Repentance is one of those words that people in church like to throw around, but I think the word has a much broader appeal. When was the last time you offended someone? Stepped on someone’s toes unintentionally? Said something hurtful, stayed silent when you should have spoken up – spoke out when you should have stayed silent? What do you do when “Sorry” isn’t enough?
Mistakes, offenses, lapses in judgement, social faux pas are inevitable unless you live in a bubble or a cave. I have blogged a bunch about what happens when you’ve been hurt, offended, abused, misjudged – but what about when you’re the one in the wrong?
Sadly, I have what feels like a lifetime of experience with saying I’m Sorry. I often speak without thinking, act without fully thinking through the consequences, and have a social filter that’s generally malfunctioning to varying degrees. People have sent me notes and email weeks and months after a conversation to say I’ve offended them – but I’ve long forgotten the comment and any surrounding context.
All that to say: I get how important saying sorry is. Sorry isn’t just an apology, it’s an acknowledgement of hurt, of wrongdoing, of guilt. But sometimes sorry isn’t enough.
Whether the fault is yours or not, if you’ve offended an apology is the least you can do. But how sorry are you?
Remorse is feeling bad about something. You admit that you were wrong – you’re genuinely sorry – but remain largely unaffected by it. What happened doesn’t affect you significantly enough for a change of behavior. When people tell me months later that a conversation we had offended them because I used x word or phrase, I’m remorseful (because obviously that comment has bothered them all this time) and I apologize, but the likelihood of saying something else inappropriate or silly is very high because I can’t recall what I did wrong in the first place.
Repentance includes remorse. You apologize for doing the wrong and are genuinely sorry. You may have a physical reaction to the hurt you’ve caused – you may feel sick, shake/tremble, have tears well up. You proactively take steps to make sure you don’t repeat that mistake – it’s ingrained on your conscience of how you made another person feel.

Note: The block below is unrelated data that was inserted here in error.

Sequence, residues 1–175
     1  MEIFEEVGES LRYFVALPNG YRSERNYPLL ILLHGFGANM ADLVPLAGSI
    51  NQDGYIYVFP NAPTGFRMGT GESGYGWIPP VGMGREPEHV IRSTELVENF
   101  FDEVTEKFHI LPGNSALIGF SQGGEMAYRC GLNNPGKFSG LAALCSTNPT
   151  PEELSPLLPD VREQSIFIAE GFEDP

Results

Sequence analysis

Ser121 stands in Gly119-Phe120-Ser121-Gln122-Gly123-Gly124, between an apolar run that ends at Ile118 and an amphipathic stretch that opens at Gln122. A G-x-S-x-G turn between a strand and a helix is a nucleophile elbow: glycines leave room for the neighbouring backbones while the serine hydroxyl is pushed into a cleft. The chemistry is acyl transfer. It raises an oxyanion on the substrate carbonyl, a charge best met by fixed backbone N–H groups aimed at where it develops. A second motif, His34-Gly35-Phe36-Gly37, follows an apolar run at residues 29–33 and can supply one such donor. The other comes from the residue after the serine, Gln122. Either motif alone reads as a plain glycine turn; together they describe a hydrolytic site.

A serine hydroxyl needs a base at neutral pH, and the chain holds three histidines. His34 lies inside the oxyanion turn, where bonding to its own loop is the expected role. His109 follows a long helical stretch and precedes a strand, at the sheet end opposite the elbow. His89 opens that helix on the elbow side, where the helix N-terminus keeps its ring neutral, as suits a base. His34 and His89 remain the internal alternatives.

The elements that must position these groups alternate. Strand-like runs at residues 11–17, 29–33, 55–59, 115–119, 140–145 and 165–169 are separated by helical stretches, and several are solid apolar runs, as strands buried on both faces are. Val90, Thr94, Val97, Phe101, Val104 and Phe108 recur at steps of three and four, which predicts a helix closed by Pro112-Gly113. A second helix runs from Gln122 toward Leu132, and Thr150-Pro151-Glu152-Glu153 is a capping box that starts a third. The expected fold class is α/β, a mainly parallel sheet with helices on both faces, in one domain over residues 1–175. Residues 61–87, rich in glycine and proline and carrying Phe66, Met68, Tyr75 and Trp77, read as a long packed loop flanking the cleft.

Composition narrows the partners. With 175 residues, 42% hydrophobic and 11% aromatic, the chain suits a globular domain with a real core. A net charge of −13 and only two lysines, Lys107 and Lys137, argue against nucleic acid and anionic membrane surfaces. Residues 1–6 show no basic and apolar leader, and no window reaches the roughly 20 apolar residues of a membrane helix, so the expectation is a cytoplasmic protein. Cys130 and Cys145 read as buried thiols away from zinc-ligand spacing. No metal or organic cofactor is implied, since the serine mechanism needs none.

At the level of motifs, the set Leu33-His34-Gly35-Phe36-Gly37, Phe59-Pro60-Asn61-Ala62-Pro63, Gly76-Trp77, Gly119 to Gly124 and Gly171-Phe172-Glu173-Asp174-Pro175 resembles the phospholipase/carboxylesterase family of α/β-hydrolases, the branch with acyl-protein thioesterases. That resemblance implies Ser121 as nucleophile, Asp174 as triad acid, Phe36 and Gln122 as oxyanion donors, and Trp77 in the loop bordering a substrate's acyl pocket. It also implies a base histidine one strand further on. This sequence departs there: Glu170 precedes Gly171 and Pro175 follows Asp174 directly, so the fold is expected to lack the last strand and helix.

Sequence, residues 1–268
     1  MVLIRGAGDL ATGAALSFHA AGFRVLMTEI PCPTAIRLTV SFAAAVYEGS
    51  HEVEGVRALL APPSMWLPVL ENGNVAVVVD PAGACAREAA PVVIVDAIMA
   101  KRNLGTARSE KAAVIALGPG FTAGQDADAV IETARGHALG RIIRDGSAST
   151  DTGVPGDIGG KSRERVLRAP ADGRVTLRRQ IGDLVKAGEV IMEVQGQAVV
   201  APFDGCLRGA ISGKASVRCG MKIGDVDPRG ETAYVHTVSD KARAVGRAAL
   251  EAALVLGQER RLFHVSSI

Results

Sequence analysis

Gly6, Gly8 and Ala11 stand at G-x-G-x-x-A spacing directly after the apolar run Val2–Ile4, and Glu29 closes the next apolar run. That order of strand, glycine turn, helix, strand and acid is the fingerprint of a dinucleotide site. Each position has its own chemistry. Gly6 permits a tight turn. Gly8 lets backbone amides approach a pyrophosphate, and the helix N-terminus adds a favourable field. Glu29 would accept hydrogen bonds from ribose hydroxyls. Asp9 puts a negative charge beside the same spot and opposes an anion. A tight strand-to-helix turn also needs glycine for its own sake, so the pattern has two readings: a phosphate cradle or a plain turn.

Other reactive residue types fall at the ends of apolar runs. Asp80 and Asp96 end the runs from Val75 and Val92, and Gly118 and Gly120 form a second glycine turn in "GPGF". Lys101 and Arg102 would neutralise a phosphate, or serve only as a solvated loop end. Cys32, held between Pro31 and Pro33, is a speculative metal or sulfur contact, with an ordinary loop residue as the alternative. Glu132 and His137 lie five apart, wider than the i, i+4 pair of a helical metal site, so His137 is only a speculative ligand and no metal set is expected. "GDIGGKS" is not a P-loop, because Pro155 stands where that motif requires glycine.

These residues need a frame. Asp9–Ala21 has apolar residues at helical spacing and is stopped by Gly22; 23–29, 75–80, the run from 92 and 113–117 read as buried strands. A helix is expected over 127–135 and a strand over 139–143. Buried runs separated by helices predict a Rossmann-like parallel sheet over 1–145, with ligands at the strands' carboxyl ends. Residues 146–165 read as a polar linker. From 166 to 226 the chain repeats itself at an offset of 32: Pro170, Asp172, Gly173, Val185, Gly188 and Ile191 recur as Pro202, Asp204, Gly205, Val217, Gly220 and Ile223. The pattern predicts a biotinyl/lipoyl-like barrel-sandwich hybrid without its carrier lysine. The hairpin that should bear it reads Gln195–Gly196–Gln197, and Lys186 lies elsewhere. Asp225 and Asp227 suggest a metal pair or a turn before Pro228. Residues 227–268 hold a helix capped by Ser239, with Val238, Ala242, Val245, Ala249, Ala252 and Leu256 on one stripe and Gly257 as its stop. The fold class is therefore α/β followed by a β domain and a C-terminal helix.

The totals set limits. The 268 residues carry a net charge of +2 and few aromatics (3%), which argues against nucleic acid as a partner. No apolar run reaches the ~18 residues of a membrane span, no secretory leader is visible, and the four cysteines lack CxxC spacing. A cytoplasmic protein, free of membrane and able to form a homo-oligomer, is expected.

Repentance brings change, remorse brings an apology. When my brother and I were kids, he would rip the arms and legs off my Barbies and in retaliation I would rip the arms and heads off his G.I. Joes. Now, we both felt remorse and apologized – but the remorse was because we got caught not because we felt bad for our sibling. And in this instance, the consequence of remorse was that the offense (the tragic and cavalier dismemberment of G.I. Joe and Barbie) continued for many years.
When a man is caught in adultery he can feel remorse, but not repentance. He’s sorry he got caught. But the man who’s truly repentant makes changes so it doesn’t happen again – maybe he commits to not working late, asks someone else to hold him accountable for his time, addresses what’s not working in the marriage, etc.
Recently I not only offended a friend, but hurt them. Part of it was a misunderstanding which I did my utmost to explain – but that band-aid didn’t fix everything. I repeatedly said I was sorry. I felt sick to my stomach, couldn’t sleep for two days, and couldn’t even go near the location of the offense. I believe that’s true repentance. My friend accepted my apology, but I’m taking it a step further and making changes to ensure I don’t repeat that offense. Does that wipe away the hurt? No, but (and perhaps I’m alone in this thinking) I believe we learn as much or more from failure as we do success. If we can learn from the experience, to me, at least it wasn’t a wasted experience.
Was there a time in your life that you needed someone’s repentance and got only remorse? Do you struggle to say you’re sorry? What was the biggest lesson you learned from a failure? I appreciate everyone who takes the time to comment, and I read every one.